It’s been evident to see that the roles of revenue management have evolved significantly over the years. From departmental role reversals to critical new job functions, there hasn’t been a shortage of organizational changes within the revenue management and hospitality industry.
What does the organizational structure look like now and where is it headed in the future? Here are a couple of notable organizational changes in revenue management worth taking a closer look at:
Revenue Management + Sales & Marketing
One of the largest organizational structure shifts to date can be observed by evaluating the relationship between the revenue management and the sales and marketing departments. While the revenue management department may have found themselves reporting to sales and marketing in the past, they may now find themselves reporting to the hotel’s general manager or chief operating officer instead. This organizational shift is actually quite telling in how the hotel industry has strongly embraced the practice of revenue management for not only boosting bottom line profits, but for encouraging its revenue culture to permeate throughout the entire organization.
How else has the relationship between revenue management and the sales and marketing team been changing? Many organizations have also been experiencing a role reversal between the two departments. Rather than revenue managers reporting into the sales and marketing department (which has historically been the case), the sales and marketing organization is now seeing their reporting structure shift under the umbrella of the revenue management department. The sales organization itself has also been experiencing its own evolution over the recent years – and it has been interesting to observe the changing role of the hotel sales manager and sales team. With the complexity of distribution and digital marketing commanding a larger precedence than before, hotels are beginning to see their revenue and digital teams growing and their traditional sales teams starting to shrink.
Revenue Management + Distribution
One could argue the role that distribution holds within the practice of revenue management has experienced one of the most explosive upsurges in the recent past. Having evolved significantly with the influx of new data sources, technology and channels over the past few years, the distribution function could be considered big enough to be on its own – and in some cases, it is. Given the increasing complexity of prices, restrictions, add-ons, channel usage, technology and distribution costs, many hotel organizations have already increased head counts that focus primarily on developing and executing the hotel’s distribution strategy.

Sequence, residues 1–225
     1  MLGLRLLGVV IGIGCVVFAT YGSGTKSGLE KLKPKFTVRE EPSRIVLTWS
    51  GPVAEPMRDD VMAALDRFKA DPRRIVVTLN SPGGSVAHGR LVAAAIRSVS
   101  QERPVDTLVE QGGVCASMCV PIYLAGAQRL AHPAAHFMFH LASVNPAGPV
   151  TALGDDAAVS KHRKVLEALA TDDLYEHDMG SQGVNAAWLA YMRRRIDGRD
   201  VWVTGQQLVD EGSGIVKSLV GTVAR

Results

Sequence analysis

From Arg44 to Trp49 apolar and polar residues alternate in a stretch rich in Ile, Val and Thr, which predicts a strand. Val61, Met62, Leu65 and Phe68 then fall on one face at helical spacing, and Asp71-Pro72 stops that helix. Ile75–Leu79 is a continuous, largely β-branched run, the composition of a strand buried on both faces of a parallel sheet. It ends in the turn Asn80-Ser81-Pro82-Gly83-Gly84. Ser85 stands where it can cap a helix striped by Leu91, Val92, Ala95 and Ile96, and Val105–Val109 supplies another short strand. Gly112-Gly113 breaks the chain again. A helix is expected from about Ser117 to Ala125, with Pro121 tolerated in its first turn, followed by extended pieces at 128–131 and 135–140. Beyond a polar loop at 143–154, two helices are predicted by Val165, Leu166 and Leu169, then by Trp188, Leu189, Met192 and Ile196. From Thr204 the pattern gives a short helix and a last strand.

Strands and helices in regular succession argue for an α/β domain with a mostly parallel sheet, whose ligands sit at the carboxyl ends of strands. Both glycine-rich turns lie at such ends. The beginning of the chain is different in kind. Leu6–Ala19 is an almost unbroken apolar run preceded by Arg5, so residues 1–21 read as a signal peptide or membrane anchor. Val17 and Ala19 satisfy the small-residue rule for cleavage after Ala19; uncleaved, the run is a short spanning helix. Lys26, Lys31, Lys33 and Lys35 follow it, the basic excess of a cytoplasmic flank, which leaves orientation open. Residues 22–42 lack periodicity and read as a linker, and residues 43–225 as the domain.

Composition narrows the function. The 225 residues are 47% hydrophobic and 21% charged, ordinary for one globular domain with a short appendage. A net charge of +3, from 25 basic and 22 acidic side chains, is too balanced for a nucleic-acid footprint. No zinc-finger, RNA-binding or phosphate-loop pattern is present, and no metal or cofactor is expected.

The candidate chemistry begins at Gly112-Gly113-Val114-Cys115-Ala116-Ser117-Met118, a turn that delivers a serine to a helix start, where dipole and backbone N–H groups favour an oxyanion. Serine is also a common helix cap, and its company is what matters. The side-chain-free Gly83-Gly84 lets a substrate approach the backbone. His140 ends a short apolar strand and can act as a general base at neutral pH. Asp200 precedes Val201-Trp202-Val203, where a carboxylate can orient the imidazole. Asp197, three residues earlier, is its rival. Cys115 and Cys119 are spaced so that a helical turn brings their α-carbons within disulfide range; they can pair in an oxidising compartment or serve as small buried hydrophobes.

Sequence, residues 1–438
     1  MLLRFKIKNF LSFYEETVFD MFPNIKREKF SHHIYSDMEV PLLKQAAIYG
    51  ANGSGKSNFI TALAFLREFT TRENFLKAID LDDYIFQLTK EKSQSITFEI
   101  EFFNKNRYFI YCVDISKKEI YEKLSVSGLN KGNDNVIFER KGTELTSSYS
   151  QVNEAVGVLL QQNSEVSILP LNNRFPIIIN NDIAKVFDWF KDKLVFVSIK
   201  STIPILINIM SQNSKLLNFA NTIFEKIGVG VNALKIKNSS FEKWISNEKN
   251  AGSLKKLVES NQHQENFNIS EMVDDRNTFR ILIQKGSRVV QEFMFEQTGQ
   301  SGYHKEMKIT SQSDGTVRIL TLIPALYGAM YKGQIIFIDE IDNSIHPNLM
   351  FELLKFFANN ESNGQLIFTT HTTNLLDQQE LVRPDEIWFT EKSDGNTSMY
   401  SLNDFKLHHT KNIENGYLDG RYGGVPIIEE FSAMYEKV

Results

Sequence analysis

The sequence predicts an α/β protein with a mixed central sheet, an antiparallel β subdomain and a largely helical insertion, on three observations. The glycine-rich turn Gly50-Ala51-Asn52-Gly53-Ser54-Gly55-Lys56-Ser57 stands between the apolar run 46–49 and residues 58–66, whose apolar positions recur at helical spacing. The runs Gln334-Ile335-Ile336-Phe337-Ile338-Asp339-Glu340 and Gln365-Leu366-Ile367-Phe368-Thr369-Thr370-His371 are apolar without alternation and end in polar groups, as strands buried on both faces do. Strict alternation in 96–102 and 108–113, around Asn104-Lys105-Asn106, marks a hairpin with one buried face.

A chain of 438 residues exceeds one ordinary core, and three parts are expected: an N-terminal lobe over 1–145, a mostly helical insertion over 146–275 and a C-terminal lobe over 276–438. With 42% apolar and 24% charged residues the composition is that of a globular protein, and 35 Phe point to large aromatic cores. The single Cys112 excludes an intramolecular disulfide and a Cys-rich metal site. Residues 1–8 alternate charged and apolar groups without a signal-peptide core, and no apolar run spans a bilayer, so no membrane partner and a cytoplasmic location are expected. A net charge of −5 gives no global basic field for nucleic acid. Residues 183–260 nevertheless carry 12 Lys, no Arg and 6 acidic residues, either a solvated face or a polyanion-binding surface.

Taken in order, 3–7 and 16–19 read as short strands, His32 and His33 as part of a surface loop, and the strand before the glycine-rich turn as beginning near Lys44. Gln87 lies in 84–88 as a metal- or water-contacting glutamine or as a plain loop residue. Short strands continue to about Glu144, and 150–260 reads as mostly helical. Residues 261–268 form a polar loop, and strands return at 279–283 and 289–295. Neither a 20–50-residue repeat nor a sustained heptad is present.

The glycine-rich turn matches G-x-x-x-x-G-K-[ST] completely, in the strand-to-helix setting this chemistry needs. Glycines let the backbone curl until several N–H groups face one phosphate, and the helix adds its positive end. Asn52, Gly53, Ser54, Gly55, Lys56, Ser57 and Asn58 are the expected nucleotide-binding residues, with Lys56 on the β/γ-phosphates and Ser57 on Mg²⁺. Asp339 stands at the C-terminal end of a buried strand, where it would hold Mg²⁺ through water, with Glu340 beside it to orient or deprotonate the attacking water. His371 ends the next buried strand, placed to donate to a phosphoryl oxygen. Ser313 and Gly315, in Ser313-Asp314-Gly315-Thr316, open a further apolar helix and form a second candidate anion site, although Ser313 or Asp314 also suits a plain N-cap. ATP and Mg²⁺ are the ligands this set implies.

However, what exactly does the future of this complex distribution landscape hold? The hospitality industry has never been a stranger to consolidation, and recent industry merges such as Booking.com & Priceline, Expedia & Orbitz and many others, are prime examples of this. How will the continued consolidation in the channel industry affect the complexity of distribution? With the distribution landscape having exploded from simple to complex in a relatively short time frame, will future consolidations eventually begin to simplify the distribution landscape again? If so, what will happen to the strong distribution roles hotels and hotel groups have built up? A change from tactical channel management to strategic channel partnerships will likely unfold.
Revenue Manager vs. Data Scientists
For today’s top hotels, leading innovation in hotel industry analytics has become a critical component to measuring their success. To become an effective leader in innovation, hotels need to focus heavily on evaluating and improving their people, processes and technology. With advances in technology aiming at the right targets – and the processes following right behind it – today’s hotels are critically evaluating their people now more than ever. The role of the revenue manager has increasingly gone under the microscope, with industry experts weighing in heavily about the qualifications necessary for this role in today’s highly dynamic industry. Leading experts agree that the revenue manager role has quickly morphed beyond that of a numbers-orientated reservations manager, or analyst of finances into something of a much higher caliber to set them apart in a competing marketplace of industry analytics.
Hotels are looking progressively at the development of this role as an animated mash-up of three diverse profiles: a mathematician, computer scientist and trend-spotter. This new set of requirements has been driving many leading hotels to replace or supplement the revenue manager by acquiring a hotel data scientist – a position previously dubbed by the Harvard Business Review as “the sexiest job of the 21st century,” and a position heavily employed through the likes of Google, LinkedIn and Uber. When it comes to retaining the people necessary to drive innovation forward, the role of the data scientist is quickly helping hotels rise above the fierce industry competition.